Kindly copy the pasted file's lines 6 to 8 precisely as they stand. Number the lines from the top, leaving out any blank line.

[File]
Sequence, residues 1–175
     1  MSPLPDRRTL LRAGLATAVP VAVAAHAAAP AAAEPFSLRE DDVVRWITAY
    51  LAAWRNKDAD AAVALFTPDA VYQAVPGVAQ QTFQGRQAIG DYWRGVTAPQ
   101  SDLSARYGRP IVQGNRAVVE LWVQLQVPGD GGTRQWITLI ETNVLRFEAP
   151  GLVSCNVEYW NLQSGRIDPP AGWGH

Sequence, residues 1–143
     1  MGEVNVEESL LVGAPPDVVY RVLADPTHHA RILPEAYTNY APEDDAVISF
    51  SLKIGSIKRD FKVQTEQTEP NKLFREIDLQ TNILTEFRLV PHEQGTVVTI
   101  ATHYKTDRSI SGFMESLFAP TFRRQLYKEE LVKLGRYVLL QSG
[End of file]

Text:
Sequence, residues 1–143
     1  MGEVNVEESL LVGAPPDVVY RVLADPTHHA RILPEAYTNY APEDDAVISF
    51  SLKIGSIKRD FKVQTEQTEP NKLFREIDLQ TNILTEFRLV PHEQGTVVTI